If you are not qualified for dental implants, other tooth replacement procedures you may consider include dentures and bridges. If you are allowed to have implants, you can start planning the procedure with your dentist.

2. What Types of Implants Can You Have?

If your dentist tells you that you can have implants, he or she will probably already have recommendations about what kind of dental implant should be used. If there are no problems or no reason to require otherwise, you will be given the regular endosteal implants. Endosteal implants are tooth implants that are placed into the jawbone. This is what is normally referred to when talking about dental implants.

What most patients don’t know is that there are two other types of dental implants that they may also consider. These are worth considering because, for one thing, they can bring down the costs you have to pay for implants, provided that the options are appropriate for you.

The second type of dental implant is called the subperiosteal implant, which means that it is not implanted into the jawbone; instead, it is placed on top of the jaw and gums, supported only by small metal posts that are propped on the gums. Dentists may recommend this if the facial structure of the patient naturally lacks height and a bone graft is not possible.

The third type of dental implant is more affordable than the regular implants, but are the same in terms of how they are used. They are also implanted into the jawbone. However, the third type, called mini dental implants, are smaller. Some dentists recommend getting mini dental implants if there is not enough bone or jaw height, if possible. The appropriateness of these options to every particular case differs based on the surrounding circumstances.

3. When Are Dental Implants Used?

When should the dental implants procedure be done? Dental implants are primarily meant to replace lost tooth or teeth. However, there are other situations wherein dental implants may also prove useful. For example, if you have dentures and they keep on slipping, you can ask for dental implants to hold them into place. This also works for bridges.

Step by Step Involved in a the Implant Procedure

Unfortunately, it’s not a quick procedure that can be done in just a single visit. In fact, the duration of the treatment may take as long as 9 months to complete. But at least in the end, you will be happy with the results.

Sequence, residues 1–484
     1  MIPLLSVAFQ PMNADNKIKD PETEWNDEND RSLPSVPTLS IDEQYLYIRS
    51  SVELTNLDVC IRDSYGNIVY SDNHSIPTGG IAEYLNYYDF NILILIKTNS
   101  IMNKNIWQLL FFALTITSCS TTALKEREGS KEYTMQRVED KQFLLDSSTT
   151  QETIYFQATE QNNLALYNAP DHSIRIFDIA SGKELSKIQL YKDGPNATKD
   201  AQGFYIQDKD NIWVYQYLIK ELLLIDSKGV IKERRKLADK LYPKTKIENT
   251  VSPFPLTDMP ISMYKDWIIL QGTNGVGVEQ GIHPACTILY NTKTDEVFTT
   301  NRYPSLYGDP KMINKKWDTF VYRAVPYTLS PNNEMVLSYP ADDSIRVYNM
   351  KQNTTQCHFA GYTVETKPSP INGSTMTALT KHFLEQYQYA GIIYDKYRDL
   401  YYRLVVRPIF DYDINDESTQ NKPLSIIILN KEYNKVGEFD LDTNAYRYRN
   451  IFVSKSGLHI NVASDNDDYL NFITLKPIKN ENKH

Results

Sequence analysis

Here are the normal steps you'll have to go through

  • Discussing Your Teeth Replacement Options
  • Initial Assessments
  • Tailoring a Treatment Plan
  • Possible Bone Grafting
  • Installing the Dental Implant
  • Osseointegration
  • Abutment Placement
  • Placing the Replacement Tooth
  • Checking the Results
1. Discussing Your Teeth Replacement Options

dental implants procedureIf you have some missing teeth or if you have an infected tooth that needs to be extracted, your dentist will usually discuss with you what kinds of tooth replacement options are possible.

Usually this discussion will involve the cost of dental implants, which can run into thousands of dollars. So you need to be sure that this is the right option for you.

2. Initial Assessments

Once you and your dentist determine that dental implants are your best choice, you’ll need to undergo a comprehensive dental exam. Your dentist will also need to check if your jawbone is sufficient for the dental implants procedure.

This will usually involve taking a panoramic X-ray (and sometimes additional X-ray investigations) to check the quality and mass of your jawbone, and the dentist will also make models of your teeth and mouth.

3. Tailoring a Treatment Plan

Once the initial assessment is done, you and your dentist will discuss a suitable treatment plan for you that’s tailored to the particulars of your case. The planning process includes determining how many teeth have to be replaced and checking the state of your jawbone. This planning discussion may involve other specialists, such as a periodontist and an oral and maxillofacial surgeon.

During this discussion you’ll need to inform your dentist about any medical conditions you have and any medications you’re taking. Your dentist needs to know if you have orthopedic implants or any heart conditions so you can be prescribed some antibiotics before the surgery to help reduce the risk of infection.

You’ll also discuss what kind of anesthesia you’ll use during the surgery. This can be local anesthesia, sedation, or general anesthesia. Your dentist can recommend the best option for you.

You’ll also receive specific instructions about what you can eat and drink before the surgery, depending on the anesthesia option you choose. And of you choose general anesthesia, you’ll need someone to drive you home and you’ll have to rest for the day when you get home.

4. Possible Bone Grafting